The Hightower Report

How to Get Young People Involved in Politics; and Monsanto Seeks to Ban the Truth


Way back in the ancient history of the 1960s, Bob Dylan sang a song of sass in which he mocked the establishment's cluelessness about the explosive youth activism of the time. The irreverent troubadour flung this unsettling line at them: "Something is happening here, but you don't know what it is, do you, Mr. Jones?"

Forty years later, some of the members of that generation are the cantankerous old barons of today's media establishment – and they're now the ones who don't know what's happening. Take the political upheaval being generated by young people, mostly through the presidential run of Sen. Barack Obama.

Energetic, creative, passionate, idealistic, optimistic, and determined, these youngsters are not merely involved – they're winning! Ironically, these 18- to 29-year-olds are the very group that media curmudgeons gripe about. "They don't read newspapers," grump the old editors. "They don't watch TV news shows," grouch network executives. "They don't care about politics," wail the political pros.

But suddenly – boom! This supposedly "don't care" generation is engaged and taking charge. On Super Tuesday, the under-30 vote doubled in Massachusetts; tripled in Georgia, Missouri, and Oklahoma; and quadrupled in Tennessee. Also, CNN's ratings among young folks jumped 232% during that big election week, and MSNBC's young-spirited news coverage drew a 400% increase in these viewers.

What's going on, Mr. Jones? It's really elementary. Young people have long cared, but politicians and the media have not cared about them. This year, as one 22-year-old put it, "The candidates, particularly Obama, are talking about things that relate to us." In other words, if the system actually reaches out in specific terms to invite youngsters in – they will come.

Can we all say, "Duh"?


Ben & Jerry's Homemade Holdings Inc. is now owned by a conglomerate, but the company's luscious ice cream still is made from milk that contains no synthetic growth hormones in it – a fact the company proudly advertises right on its cartons. And that really POs Monsanto.

Monsanto is not in the ice-cream business, but it is in the deadly serious business of trying to ice anyone who disses the synthetic hormone that it manufactures. Some dairy farmers inject their cows with Monsanto's recombinant bovine growth hormone product, which forces the animals to give more milk. It isn't good for the cows, and there are unanswered questions about its impact on human health, so many consumers don't want milk products with this stuff in it, preferring not to have their families used as guinea pigs for corporate profit.

Thus, Monsanto has waged a long campaign to keep consumers from knowing, opposing efforts to label any dairy products as being free from the synthetic hormone. Last year, however, Monsanto lost its effort to get the Food and Drug Administration to ban such labels. But now there's a new group standing against consumer choice on this issue. It's called American Farmers for the Advancement and Conservation of Technology.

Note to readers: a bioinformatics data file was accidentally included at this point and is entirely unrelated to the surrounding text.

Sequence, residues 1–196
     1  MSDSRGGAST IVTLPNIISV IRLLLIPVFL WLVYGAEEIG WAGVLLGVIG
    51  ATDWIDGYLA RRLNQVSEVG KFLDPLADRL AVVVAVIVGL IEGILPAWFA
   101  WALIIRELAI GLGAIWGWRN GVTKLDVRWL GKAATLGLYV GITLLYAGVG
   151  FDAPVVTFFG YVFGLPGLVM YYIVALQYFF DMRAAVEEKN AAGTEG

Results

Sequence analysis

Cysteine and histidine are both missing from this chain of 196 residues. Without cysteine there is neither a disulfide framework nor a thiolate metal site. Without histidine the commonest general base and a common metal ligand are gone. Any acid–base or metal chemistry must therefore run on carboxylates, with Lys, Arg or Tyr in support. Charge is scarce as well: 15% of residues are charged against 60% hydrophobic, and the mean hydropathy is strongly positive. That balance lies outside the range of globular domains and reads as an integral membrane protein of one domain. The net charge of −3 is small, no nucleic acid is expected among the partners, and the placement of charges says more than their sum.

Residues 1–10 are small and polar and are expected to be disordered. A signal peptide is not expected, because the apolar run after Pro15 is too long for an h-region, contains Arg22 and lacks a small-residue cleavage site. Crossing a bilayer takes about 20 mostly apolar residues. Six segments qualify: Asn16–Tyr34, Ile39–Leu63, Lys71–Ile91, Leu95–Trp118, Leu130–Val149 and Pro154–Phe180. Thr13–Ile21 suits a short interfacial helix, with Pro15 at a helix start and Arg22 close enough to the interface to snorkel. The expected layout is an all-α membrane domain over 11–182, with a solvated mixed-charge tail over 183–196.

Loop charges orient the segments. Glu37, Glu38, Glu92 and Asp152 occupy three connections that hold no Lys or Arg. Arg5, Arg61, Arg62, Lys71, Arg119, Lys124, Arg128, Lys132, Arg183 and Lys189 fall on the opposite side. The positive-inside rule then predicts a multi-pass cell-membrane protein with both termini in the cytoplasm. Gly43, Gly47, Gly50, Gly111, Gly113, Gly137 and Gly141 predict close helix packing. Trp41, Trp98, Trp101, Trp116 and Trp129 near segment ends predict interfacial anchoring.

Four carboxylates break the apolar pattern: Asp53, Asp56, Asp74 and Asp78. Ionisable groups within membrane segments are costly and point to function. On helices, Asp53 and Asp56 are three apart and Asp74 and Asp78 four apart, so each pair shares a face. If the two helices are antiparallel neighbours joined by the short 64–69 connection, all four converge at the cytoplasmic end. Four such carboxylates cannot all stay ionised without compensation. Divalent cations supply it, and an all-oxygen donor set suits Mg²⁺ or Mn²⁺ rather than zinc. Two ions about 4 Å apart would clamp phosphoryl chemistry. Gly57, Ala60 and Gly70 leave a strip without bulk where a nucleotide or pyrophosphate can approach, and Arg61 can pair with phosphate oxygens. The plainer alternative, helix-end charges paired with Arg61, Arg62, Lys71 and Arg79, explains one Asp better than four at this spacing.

Sounds very science-y, doesn't it? It isn't; it's a lobbying front that's going state to state, trying to get legislatures to prevent companies like Ben & Jerry's from advertising that their goods contain none of the synthetic stuff. Guess who's behind this outfit? Right: It's funded by Monsanto.

You'd think that any effort to ban companies from making a true statement on their labels would be laughed out of any legislature, but Monsanto is determined to kill the consumer's right to know, already having pushed for bills and regulations in Indiana, Ohio, and Pennsylvania. To keep informed about where Monsanto's attack squad will strike next, contact

For more information on Jim Hightower's work – and to subscribe to his award-winning monthly newsletter, The Hightower Lowdown – visit You can hear his radio commentaries on KOOP Radio, 91.7FM, weekdays at 10:58am and 12:58pm.

A note to readers: Bold and uncensored, The Austin Chronicle has been Austin’s independent news source for almost 40 years, expressing the community’s political and environmental concerns and supporting its active cultural scene. Now more than ever, we need your support to continue supplying Austin with independent, free press. If real news is important to you, please consider making a donation of $5, $10 or whatever you can afford, to help keep our journalism on stands.

Support the Chronicle  

More The Hightower Report
The Hightower Report
The Hightower Report
The Donald Show

Jim Hightower, July 10, 2015

The Hightower Report
The Hightower Report
The damning nuttiness of the GOP's "Hell No" faction

Jim Hightower, Aug. 15, 2014


politics and business, Bob Dylan, Barack Obama, CNN, Ben & Jerry's Homemade Inc., Monsanto, American Farmers for the Advancement and Conservation of Technology

One click gets you all the newsletters listed below

Breaking news, arts coverage, and daily events

Can't keep up with happenings around town? We can help.

Austin's queerest news and events

New recipes and food news delivered Mondays

Eric Goodman's Austin FC column, other soccer news

Information is power. Support the free press, so we can support Austin.   Support the Chronicle